Quantcast
Connect with us

Comments by former clerks may backfire on Trump’s high court pick Brett Kavanaugh

Published

on

When it became clear that President Donald Trump was seriously considering nominating Brett Kavanaugh to the U.S. Supreme Court, the conservative judge’s former law clerks swung into action as among his most energetic public cheerleaders.

But in making the case for him in the media on issues including his stance toward abortion, healthcare and an expansive view of religious liberty, they may have opened up lines of attack on Kavanaugh by Democrats and liberal advocacy groups seeking to derail his nomination in the U.S. Senate.

Trump named Kavanaugh, 53, on July 9 to replace retiring Justice Anthony Kennedy. Before he can assume the lifetime job on the nine-member court, the Senate must vote to confirm him. No date has yet been set for the customary Judiciary Committee confirmation hearings.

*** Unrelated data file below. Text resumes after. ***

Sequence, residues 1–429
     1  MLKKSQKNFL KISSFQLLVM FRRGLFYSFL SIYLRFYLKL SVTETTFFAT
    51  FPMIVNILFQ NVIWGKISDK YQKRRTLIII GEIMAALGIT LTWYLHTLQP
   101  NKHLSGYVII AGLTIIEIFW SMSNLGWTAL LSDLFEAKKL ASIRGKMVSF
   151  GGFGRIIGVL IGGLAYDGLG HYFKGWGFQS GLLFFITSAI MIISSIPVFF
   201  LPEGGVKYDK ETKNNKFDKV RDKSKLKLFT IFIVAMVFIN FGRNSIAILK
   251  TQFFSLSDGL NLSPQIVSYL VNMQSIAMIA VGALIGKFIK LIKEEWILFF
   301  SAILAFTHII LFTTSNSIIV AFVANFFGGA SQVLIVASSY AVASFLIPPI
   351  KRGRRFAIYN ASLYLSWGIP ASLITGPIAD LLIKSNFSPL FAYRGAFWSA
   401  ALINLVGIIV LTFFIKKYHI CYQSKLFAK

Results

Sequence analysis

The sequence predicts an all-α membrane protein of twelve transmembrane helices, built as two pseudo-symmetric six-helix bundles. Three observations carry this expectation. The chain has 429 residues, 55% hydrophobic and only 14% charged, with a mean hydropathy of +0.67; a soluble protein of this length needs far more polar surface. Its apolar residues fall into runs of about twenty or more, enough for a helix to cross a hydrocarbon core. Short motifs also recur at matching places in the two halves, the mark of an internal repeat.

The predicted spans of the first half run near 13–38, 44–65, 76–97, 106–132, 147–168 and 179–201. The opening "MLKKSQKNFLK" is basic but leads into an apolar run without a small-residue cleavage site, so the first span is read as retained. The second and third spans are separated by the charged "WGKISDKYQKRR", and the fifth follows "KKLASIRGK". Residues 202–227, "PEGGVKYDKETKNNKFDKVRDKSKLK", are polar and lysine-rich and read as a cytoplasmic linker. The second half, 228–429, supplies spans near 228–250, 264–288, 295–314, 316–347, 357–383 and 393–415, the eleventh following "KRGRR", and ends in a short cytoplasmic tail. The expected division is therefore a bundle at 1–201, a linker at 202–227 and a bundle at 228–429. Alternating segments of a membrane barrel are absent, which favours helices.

Kavanaugh has served for 12 years on an influential federal appeals court in Washington. Several of the 48 lawyers who served as his clerks – a year-long job working for a judge, usually straight out of law school – appeared on cable TV shows, wrote opinion articles and spoke to reporters, often trying to shore up support among conservatives.

Their comments may have helped Kavanaugh’s cause before Trump nominated him by pushing back on complaints by some conservatives that the judge would not lean far enough to the right on social issues like abortion as well as on a conservative legal challenge to the Obamacare healthcare law.

ADVERTISEMENT

But the chief threat to Trump’s nominee now is the Democratic campaign to block Kavanaugh’s confirmation in a Senate in which the president’s fellow Republicans hold a slim 51-49 majority.

Of the 48 clerks, 34 signed a letter calling for the Senate to confirm his appointment. Many secured prestigious Supreme Court clerkships after working for Kavanaugh and subsequently landed jobs at law firms, law schools and in government.

‘ROCK SOLID RECORD’
One clerk, Sarah Pitlyk, wrote a piece for the conservative National Review a week before the nomination was announced in which she touted Kavanaugh’s “clear, consistent and rock solid record on the issues that matter most to social conservatives.”

ADVERTISEMENT